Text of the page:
Taoiseach Enda Kenny is loved on foreign soil but typically doesn’t get the same reception at home — to the point he provokes anger by suggesting he may stay for a full term. Political reporter Fiachra Ó Cionnaith examines why this is so
IN the early hours, Taoiseach Enda Kenny met with a receptive audience who rejoice at Ireland’s escape from austerity and how it remains the “best small country in the world to do business”.
It’s just a pity for him that, as with almost all his successful public appearances these days, no one in the room is eligible to vote here.
As the Fine Gael leader is lauded by Irish Americans while taking in the sights and sounds of Washington DC’s 1916 commemoration events today, he will no doubt be thinking of the contradiction his position as Taoiseach now represents.
From Brussels to Berlin and in the US where he spoke late last night, Mr Kenny is coveted abroad by politicians and economists who play up the Irish recovery as proof you can work your way out of a recession.
But back home, he is criticised as a lame duck leader in a lame duck government most believe will be shot out of the sky by the time the next hunting season comes around, and who provokes outrage at the mere hint he will remain in power for a full-term.
Loved abroad— not so much here. Given the ‘all politics is local’ mantra, it is hardly a situation that best suits his needs.
At the Kennedy Center in Washington DC in the early hours of this morning, Mr Kenny was guest of honour at the opening night of the Ireland 100 Festival to highlight this nation’s cultural achievements.
— Irish Examiner (@irishexaminer) May 16, 2016
Sitting beside him at the black-tie event was US vice president Joe Biden, who said at the recent St Patrick’s Day festivities in March that Mr Kenny was doing “a hell of a job” and “would get 80% of the vote” if he ran in the US.
In front of him was an array of invited guests hanging on his every word, while today at a tree-planting ceremony on the US Capitol Grounds to mark the 1916 centenary and in the House of Representatives a similar scene will take place.
Other than the historical reasons of 100 years ago, there is a clear reason for the céad míle fáilte which is equally apparent when Mr Kenny travels to EU gatherings: outside of Ireland, the top-line recovery figures over the past five years are eye-catching.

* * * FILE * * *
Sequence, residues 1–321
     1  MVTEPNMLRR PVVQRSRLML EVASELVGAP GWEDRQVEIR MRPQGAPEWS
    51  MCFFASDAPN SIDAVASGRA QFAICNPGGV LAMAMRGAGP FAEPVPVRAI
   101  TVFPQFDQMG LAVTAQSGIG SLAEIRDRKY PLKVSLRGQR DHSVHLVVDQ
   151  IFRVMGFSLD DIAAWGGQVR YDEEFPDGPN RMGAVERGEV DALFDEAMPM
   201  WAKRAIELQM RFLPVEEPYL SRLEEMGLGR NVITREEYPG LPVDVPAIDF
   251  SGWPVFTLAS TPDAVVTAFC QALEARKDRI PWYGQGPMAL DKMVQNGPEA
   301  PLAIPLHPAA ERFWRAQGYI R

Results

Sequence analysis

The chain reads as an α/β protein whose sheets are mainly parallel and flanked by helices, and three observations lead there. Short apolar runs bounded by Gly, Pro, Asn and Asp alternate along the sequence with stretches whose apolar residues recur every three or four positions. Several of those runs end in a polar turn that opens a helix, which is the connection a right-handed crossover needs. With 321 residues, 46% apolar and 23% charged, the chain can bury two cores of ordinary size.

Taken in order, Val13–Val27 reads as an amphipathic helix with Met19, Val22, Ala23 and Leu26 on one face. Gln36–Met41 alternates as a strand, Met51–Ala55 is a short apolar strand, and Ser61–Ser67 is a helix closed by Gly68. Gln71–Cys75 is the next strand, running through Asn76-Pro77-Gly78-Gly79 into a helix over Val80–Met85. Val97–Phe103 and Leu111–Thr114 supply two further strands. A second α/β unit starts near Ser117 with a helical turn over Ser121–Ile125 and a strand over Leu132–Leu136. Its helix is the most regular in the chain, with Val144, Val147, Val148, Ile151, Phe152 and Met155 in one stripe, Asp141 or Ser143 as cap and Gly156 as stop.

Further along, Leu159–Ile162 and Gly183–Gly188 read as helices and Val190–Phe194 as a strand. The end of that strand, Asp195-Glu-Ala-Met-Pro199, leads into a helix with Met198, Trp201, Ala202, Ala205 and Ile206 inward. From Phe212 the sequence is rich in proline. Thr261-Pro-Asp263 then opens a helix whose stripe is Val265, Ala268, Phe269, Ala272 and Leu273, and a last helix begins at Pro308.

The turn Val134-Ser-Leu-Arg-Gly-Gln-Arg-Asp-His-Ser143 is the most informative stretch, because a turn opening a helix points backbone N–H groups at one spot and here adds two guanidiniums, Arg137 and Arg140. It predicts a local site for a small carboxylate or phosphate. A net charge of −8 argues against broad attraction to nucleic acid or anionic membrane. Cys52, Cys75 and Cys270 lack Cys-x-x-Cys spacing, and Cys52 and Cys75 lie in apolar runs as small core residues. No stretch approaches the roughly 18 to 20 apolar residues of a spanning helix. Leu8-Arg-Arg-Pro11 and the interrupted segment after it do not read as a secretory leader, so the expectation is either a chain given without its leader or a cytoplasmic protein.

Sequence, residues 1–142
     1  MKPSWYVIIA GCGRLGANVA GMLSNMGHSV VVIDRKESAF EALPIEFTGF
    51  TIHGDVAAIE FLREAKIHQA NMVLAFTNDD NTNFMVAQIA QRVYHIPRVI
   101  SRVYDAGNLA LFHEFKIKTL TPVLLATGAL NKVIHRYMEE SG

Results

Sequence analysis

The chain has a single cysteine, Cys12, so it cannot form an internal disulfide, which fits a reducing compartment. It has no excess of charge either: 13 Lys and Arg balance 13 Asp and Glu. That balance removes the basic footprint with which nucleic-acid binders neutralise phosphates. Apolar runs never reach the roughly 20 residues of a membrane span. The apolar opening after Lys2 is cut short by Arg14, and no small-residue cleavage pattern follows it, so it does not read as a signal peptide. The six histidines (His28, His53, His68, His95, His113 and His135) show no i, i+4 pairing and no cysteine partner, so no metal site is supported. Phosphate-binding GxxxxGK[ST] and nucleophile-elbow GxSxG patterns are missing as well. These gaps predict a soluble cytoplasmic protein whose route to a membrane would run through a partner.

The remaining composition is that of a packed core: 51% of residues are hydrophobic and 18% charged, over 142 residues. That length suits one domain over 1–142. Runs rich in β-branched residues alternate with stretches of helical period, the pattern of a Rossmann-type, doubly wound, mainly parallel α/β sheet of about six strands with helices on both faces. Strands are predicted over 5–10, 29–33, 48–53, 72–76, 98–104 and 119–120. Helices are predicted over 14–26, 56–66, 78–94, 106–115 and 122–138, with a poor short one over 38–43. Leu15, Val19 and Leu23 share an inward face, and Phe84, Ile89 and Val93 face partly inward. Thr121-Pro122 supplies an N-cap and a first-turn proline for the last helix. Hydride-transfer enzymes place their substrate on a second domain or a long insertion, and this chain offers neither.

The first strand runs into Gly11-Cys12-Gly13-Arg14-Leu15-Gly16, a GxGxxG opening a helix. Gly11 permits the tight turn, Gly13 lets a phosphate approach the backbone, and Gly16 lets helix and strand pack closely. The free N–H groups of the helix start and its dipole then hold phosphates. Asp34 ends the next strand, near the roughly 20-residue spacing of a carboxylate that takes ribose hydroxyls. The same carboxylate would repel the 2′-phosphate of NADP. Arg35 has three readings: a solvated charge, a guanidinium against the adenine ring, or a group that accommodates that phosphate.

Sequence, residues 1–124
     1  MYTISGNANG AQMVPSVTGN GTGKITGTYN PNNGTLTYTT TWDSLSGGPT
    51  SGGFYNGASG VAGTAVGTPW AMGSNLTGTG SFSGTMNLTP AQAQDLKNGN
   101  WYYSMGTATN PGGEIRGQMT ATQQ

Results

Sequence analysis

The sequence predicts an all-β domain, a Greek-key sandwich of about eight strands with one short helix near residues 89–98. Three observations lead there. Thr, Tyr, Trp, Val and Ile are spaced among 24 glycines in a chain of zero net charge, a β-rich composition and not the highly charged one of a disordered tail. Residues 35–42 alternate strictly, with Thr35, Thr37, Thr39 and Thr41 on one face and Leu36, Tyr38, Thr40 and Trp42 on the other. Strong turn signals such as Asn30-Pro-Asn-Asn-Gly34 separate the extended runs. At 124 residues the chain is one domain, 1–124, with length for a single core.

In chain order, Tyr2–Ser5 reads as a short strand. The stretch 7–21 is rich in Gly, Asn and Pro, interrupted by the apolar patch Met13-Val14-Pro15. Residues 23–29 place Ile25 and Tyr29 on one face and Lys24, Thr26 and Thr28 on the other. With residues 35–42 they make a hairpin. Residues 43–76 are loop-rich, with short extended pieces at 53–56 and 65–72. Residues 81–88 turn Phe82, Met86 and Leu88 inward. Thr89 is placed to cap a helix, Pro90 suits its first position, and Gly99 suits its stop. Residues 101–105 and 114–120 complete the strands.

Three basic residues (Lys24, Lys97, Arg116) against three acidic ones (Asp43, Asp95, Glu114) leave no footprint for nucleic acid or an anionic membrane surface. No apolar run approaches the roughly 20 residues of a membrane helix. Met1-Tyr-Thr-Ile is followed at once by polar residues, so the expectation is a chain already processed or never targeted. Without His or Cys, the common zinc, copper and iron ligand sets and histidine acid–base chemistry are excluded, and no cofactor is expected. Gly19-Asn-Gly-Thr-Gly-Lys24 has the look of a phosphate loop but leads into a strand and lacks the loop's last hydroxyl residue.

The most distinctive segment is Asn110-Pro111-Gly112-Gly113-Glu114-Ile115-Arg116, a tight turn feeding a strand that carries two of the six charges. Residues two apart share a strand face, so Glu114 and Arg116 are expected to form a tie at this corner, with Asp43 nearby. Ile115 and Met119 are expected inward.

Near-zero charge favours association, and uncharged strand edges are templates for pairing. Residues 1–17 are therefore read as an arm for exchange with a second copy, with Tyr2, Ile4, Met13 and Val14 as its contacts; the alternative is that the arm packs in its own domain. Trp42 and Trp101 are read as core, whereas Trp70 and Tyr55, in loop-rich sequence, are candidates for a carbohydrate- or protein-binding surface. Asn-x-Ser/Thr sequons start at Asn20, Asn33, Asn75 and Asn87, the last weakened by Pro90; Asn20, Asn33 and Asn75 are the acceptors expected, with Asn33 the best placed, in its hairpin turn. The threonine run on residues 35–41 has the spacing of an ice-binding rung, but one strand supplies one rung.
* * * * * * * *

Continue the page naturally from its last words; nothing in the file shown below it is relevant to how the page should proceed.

The country which faced economic oblivion just a few short years ago is now the subject of 5.1% Central Bank growth projections for this year, and is among the fastest-growing economies in the EU.
Unemployment levels which stood just shy of 15% in 2010 — the worst rate since the early 1990s — have now been practically halved to just over 8%. And, after years of austerity, the era of savage cutbacks has at least officially ended with the departure of the Troika.
As they ham up the Irish “miracle” you can almost hear well-wishers from abroad whispering “keep the recovery going” to Mr Kenny as they take turns to pat him on the back. But that phrase, as the Fine Gael leader now knows all too well, is the entire problem.
It might look like a juggernaut of a recovery abroad, but back home problems hidden from outside eyes mean the wheels are still at risk of coming off:
Other than the man Mr Kenny said on Monday that he recently met who “thanked me for volunteering to run our country”; the infamous two pints man, or men given the Taoiseach told the tale twice; and a homeless person he said last autumn he met near the Dáil; the Fine Gael leader has fewer well-wishers here.
In short, many people have yet to see any sight of an end to austerity — an end that is lauded outside of Ireland.
This reason alone explains the contradiction between the Taoiseach’s image abroad and the one at home, and underlines why despite the fist-thumping ‘success’ of finally forming an already shaky government earlier this month, Mr Kenny’s approval ratings are slumping fast.
According to the latest Red C/Paddy Power poll for RTÉ Radio One’s Today with Sean O’Rourke last Friday, just 36% of people want the Taoiseach to be... well, the Taoiseach, with 6% saying they would even prefer Donald Trump to the Mayo man.
More than half the population (52%) do not have confidence in his government to run the country, including 20% of Fine Gael voters; while 25% of people said they believe Mr Kenny should step down now; with just one in four saying he should remain for a full second term in office.
Today in Washington DC the image of Mr Kenny, the saviour of the old country, will continue to be apparent, with the shiny surface level image of the Irish recovery glimmering in the summer sun. But a closer inspection of rural and urban communities decimated by the recession here, reveals the dents in that same surface caused by a near decade of crisis.
The Taoiseach is undoubtedly doing his best to bring the recovery to all households, but for many, his focus on the companies and jobs vital to doing so has so far failed to see them feel any real end of austerity in their wallets.
Loved abroad, he is at times not at all as popular at home, a fact underlined on Monday after his latest suggestion he plans to stay a full term in power.
So you might understand why Mr Kenny joked to an audience during the March St Patrick’s Day trip at the height of the government formation crisis: “Bejaysus, it’s a pity I have to go back to Ireland and face what I have to face back there.”
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